We used primary peripheral blood T cells, a population that exists in G0 and can be stimulated to enter the cell cycle synchronously, to define more precisely the effects of nicotine on pathways that control cell cycle entry and progression. Our data show that nicotine decreased the ability of T cells to transit through the G0/G1 boundary (acquire competence) and respond to progression signals. These effects were due to nuclear factor of activated T cells c2 (NFATc2)-dependent repression of cyclin-dependent kinase 4 (CDK4) expression. Growth arrest at the G 0/G1 boundary was further enforced by inhibition of cyclin D2 expression and by increased expression and stabilization of p27Kip1. Intriguingly, T cells from habitual users of tobacco products and from NFATc2-deficient mice constitutively expressed CDK4 and were resistant to the antiproliferative effects of nicotine. These results indicate that nicotine impairs T cell cycle entry through NFATc2-dependent mechanisms and suggest that, in the face of chronic nicotine exposure, selection may favor cells that can evade these effects. We postulate that cross talk between nicotinic acetylcholine receptors and growth factor receptor-activated pathways offers a novel mechanism by which nicotine may directly impinge on cell cycle progression. This offers insight into possible reasons that underlie the unique effects of nicotine on distinct cell types and identifies new targets that may be useful control tobacco-related diseases.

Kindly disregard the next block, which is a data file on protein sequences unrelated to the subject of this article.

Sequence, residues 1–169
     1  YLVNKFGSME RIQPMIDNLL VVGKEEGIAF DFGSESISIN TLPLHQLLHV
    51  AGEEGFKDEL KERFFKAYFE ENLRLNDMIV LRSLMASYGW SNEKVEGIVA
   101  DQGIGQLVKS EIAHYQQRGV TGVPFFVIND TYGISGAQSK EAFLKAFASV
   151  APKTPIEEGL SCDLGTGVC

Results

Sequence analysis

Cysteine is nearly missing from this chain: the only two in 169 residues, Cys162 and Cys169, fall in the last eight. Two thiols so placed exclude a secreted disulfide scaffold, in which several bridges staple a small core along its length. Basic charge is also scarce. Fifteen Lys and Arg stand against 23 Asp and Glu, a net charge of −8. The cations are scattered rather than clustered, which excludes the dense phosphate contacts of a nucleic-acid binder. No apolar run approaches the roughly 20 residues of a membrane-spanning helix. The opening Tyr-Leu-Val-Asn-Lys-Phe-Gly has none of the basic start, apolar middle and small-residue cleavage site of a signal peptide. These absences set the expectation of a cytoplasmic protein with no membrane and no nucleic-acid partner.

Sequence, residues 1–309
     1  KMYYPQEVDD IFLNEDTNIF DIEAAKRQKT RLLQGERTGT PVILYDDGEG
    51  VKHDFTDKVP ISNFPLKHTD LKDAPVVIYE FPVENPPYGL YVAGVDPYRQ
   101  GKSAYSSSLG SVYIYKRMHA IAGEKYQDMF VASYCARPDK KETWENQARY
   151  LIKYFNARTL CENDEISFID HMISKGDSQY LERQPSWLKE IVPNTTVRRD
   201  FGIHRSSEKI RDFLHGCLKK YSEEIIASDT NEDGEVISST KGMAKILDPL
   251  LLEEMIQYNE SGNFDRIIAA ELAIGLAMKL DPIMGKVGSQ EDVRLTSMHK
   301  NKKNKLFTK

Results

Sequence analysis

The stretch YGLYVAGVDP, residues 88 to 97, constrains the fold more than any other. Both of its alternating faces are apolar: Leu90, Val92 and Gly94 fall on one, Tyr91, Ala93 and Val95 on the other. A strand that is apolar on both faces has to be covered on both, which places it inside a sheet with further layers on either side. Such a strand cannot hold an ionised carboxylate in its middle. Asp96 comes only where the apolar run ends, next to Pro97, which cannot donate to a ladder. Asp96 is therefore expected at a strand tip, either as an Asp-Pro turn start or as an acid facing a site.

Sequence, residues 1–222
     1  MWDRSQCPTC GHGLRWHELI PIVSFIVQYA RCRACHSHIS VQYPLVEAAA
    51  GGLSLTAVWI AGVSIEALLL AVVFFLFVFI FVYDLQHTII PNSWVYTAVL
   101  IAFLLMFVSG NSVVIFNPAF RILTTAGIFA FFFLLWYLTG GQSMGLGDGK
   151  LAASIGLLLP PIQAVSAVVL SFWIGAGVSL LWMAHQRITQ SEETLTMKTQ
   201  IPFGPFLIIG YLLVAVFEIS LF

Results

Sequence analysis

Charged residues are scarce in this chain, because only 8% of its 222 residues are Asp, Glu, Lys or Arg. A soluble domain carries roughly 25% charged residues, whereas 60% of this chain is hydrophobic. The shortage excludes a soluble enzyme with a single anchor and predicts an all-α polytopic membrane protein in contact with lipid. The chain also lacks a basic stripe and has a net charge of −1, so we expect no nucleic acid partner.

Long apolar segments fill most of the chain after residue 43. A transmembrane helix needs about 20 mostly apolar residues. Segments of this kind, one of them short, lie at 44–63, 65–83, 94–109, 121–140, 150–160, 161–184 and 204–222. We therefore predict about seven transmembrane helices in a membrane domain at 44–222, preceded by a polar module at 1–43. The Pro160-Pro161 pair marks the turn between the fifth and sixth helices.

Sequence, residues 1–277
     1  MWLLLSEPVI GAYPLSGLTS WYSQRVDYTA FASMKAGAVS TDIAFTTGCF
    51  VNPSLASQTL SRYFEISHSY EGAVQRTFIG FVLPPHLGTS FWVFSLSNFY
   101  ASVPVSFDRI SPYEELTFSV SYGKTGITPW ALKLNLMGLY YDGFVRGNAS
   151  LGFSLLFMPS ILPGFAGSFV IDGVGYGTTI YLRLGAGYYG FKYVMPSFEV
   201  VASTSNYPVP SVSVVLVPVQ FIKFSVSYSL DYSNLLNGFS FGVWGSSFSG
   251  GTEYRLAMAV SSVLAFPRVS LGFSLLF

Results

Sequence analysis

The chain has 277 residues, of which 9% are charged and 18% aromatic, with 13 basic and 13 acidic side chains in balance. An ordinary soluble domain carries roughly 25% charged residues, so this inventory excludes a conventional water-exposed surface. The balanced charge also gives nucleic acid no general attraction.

|Original language||English (US)|
|Number of pages||12|
|Journal||Journal of Pharmacology and Experimental Therapeutics|
|State||Published - Nov 2004|